What we can learn from different industries & from consumers to create passenger-centric rail solutions?
tangerine’s Chief Creative Officer, Matt Round was Chair at Red Cabin’s Railway Interior Summit on 8th and 9th December 2020. The two days involved probing dialogue and inspirational debate.
Axel Schupper General Manager at Die Bahnindustrie (German Railway Industry Association), spoke of the importance of interior design and better travel experiences. A key step to achieving this, he said, is by placing a stronger emphasis on the qualitative criteria during the tender process when selecting partners.
Aisling Norton, Continuous Improvement Specialist at Irish Rail, evidenced how good design cannot only create better carriage interiors, but also reduce the total cost of delivering a service.
Understanding the voice of the passenger is critical in creating rail experiences that encourage more consumers to use rail as the preferred mode of transport. This understanding needs to get to the heart of what is really important to the wide variety of consumer groups who are using our railways. These consumer groups range from millennials with new expectations to an increasingly aging population of passengers with reduced mobility.
Julian Fordon, Senior Manager of Deutsche Bahn DB spoke of the competitive advantage that a good product can bring, noting the potential to reduce holding times and increase passenger density.
Across the range of speakers many noted the importance of collaboration to create and deliver great passenger experiences.
The conference featured a number of working groups that explored a variety of different subjects. Matt and tangerine’s Director China, Weiwei He, led a series of workshops exploring potential learnings from other industries and from consumer behaviour, in order to highlight where the rail industry can go to gain the sort of insight that will fuel innovation.
The discussion was broken down into three main areas:
What will be the drivers for change in the medium to long term?
• Good-quality mass-transportation will lead to greater adoption.
• Growing urbanisation and an ageing population.
• New infrastructure combined with increased and faster connectivity.
• Higher passenger expectation of the quality of the delivery of service.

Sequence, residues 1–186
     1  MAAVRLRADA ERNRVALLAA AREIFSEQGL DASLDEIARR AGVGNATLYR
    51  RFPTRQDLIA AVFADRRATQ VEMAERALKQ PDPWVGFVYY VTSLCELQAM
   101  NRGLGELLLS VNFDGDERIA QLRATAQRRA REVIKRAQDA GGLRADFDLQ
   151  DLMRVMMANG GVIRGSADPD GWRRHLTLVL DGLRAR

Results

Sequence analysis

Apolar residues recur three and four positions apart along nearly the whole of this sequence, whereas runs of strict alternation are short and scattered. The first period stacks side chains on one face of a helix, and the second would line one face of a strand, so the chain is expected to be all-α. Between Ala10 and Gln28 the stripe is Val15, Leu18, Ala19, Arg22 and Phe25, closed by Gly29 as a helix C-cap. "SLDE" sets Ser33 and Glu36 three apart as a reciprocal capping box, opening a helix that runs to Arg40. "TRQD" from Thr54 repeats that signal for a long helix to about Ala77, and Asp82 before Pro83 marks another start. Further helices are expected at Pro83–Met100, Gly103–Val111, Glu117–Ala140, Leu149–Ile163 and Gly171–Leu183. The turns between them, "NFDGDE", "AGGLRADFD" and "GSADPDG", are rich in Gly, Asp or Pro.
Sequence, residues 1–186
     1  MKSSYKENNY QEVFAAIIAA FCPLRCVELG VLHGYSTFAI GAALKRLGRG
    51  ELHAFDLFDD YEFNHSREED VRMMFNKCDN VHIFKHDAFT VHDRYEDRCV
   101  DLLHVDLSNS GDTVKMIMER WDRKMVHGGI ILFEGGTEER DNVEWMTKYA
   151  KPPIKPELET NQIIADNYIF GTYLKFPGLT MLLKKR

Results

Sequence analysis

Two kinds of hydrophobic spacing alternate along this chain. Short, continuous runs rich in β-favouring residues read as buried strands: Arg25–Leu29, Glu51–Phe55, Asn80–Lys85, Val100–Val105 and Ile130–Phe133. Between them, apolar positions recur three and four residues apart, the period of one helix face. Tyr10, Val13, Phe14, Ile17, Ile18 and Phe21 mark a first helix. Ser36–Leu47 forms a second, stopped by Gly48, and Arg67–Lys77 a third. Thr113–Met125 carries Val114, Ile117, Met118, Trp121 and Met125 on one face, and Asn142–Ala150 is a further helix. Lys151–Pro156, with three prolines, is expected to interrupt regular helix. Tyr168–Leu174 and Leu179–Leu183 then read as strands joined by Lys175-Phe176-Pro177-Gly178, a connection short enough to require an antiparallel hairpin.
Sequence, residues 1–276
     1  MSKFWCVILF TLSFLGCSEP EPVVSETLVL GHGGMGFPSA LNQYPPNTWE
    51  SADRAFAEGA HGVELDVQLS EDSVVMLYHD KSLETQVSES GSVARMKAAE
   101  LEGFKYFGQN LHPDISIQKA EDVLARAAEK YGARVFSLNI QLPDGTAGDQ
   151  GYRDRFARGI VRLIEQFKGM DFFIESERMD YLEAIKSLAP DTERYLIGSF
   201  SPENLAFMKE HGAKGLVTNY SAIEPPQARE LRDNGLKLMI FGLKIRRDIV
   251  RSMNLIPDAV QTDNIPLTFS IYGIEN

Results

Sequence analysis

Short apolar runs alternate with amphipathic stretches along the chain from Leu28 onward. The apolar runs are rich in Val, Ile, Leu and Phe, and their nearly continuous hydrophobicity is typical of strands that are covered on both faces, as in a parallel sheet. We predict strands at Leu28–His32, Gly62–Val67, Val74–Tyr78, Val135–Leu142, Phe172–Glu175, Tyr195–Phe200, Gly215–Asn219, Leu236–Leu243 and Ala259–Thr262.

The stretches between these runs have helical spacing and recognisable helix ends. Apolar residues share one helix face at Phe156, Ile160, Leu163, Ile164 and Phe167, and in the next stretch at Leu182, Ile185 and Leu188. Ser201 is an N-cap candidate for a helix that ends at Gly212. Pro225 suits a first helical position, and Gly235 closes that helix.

What new technologies interest rail operators?
• Connectivity that is accessible to all passenger groups.
• Integrated journeys with digital services providing passengers with up-to-the-minute information.
• Biometrics that can create smoother and more personalised journeys.
What are the barriers to innovation?
• The industry’s ability to deliver flexible, joined-up services across multiple modes of transport
• Long lead-times for product installation makes it difficult for operators to match consumer needs
• Lack of funding to enable TOCs to innovate
From this we were able to determine the perceived priorities for passengers today.
• Faster connections to encourage more people to adopt rail over other modes of transport.
• Flexible, frictionless services that are delivered seamlessly.
• Improved wayfinding and ticketing that is integrated into an end-to-end passenger journey.
• Fast connectivity to access real-time information and WiFi entertainment.
• Use of insight data to create individual passenger journeys that are tailored to their needs.
• Use of insight data to create products that relevant to the range of passenger personas.
• Creating train interiors that match the increasingly high expectation of tomorrow’s passenger.
Post Covid-19 living
• Seamless travel with fewer touch-points.
• Visible evidence that carriages are clean and sanitised.
• Train carriages to accommodate the huge rise in the use of bicycles on services.
• Build on the political and social appetite for the need for sustainable transportation.
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